(Nishiwaki and Kamiya, 1958). A beaked whale Mesoplodon stranded at Oiso Beach, Japan. The Scientific Reports of the Whales Research Institute, Tokyo 13:53--83, pl. 1--17.
Type locality: Oiso Beach, Sagami Bay, near Tokyo, Japan
Common Name: Ginkgo-toothed whale
The body is spindle-shaped, with small dorsal fin located about two-thirds of the way back from the beak tip. The flippers are small and narrow, and there is no notch between the flukes. The head is small, and the forehead has a shallow rise to it. The beak is distinct and is moderately long, with the lower jaw slightly arched in adult males. The two flattened teeth of up to 10 cm in width erupt only in males. They protrude from the arch of the lower jaw and in young males resemble the shape of the ginkgo tree leaf. A pair of V-shaped grooves common to all beaked whales is found on the throat. Body coloration based on dead specimens is dark gray, blue gray or black on the back, lightening to light grey on the ventral surface. The beak is light-colored to white. Adults have light spots on the back and the ventral surface believed to be scars caused by predators such as cookie cutter sharks and lampreys. Unlike other beaked whales, adult males have few or no white scratches on their bodies. The largest specimen reported was 5.3 m long. Females are slightly larger than males (Jefferson et al., 2008).
Found in temperate and tropical waters of the Indo-Pacific Ocean in the west and across the Pacific to the shores of North America and Galapagos Islands. Specimens have also been reported as far south as New Zealand (Jefferson et al., 2008). In the Philippines a stranding was reported on April 21, 2010 by M.P.R. Dimalanta of CENRO Olonggapo in Barangay Cawag, Subic, Zambales (Yaptinchay, Philippine Daily Enquirer, Feb. 26, 2011). A possible sighting of this species was made in the western Sulu Sea in 1999 (photograph identified by R. Pitman of SWFSC, U.S. NOAA).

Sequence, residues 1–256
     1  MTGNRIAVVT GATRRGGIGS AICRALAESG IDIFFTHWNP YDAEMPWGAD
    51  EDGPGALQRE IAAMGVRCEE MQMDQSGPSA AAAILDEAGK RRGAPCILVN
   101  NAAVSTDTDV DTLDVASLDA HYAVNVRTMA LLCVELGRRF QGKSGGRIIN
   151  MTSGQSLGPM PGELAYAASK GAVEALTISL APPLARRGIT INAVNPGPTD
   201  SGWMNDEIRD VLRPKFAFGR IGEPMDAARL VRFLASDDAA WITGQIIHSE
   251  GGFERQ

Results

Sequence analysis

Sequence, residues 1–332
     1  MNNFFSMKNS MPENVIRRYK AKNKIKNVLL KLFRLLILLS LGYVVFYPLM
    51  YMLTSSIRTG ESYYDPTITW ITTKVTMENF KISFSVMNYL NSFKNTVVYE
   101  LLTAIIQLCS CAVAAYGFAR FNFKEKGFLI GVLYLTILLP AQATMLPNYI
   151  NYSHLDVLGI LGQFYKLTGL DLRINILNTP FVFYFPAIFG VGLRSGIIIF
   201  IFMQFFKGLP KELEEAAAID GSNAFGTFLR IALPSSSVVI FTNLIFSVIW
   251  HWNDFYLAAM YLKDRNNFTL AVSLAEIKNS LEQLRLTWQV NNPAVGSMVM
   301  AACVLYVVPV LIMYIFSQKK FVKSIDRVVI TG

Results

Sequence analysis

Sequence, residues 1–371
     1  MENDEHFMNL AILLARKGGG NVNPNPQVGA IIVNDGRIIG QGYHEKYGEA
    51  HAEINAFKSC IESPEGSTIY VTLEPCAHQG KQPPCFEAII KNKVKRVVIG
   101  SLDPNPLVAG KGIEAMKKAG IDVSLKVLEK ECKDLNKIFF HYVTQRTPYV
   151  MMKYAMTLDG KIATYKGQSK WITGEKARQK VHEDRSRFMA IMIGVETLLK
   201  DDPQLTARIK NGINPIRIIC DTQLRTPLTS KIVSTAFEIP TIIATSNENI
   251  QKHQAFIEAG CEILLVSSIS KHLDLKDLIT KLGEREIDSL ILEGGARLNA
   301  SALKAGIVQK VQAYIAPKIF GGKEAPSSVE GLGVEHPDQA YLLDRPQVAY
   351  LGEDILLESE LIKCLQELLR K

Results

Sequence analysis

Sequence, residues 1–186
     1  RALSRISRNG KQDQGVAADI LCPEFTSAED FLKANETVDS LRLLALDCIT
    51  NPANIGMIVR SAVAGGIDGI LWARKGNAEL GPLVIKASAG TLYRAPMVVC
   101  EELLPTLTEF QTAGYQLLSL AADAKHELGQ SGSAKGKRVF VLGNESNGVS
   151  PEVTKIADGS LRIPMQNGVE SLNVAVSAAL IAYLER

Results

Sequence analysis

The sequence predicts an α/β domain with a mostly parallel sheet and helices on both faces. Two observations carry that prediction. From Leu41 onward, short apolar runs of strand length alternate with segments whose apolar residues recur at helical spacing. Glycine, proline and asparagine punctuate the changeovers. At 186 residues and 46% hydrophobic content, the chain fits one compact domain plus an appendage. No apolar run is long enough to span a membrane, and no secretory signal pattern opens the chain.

Map courtesy of L Dolar.
Habitat and Ecology:
Almost nothing is known of the ecology of this species. Information about it has only been gathered from stranded animals, and no reliable identification has been made at sea. It is presumed to feed primarily on squids and may also take some fish (Jefferson et al., 2008).
Above photos courtesy of MFARMC of Subic, Ocean Adventure, and Phia Dimalanta of CENRO, Olonggapo.
Has occasionally been caught in deepwater drift gillnets and occasionally taken by Japanese and Taiwanese whalers. No population estimate is available for anywhere; it appears to be rare (Jefferson et al., 2008).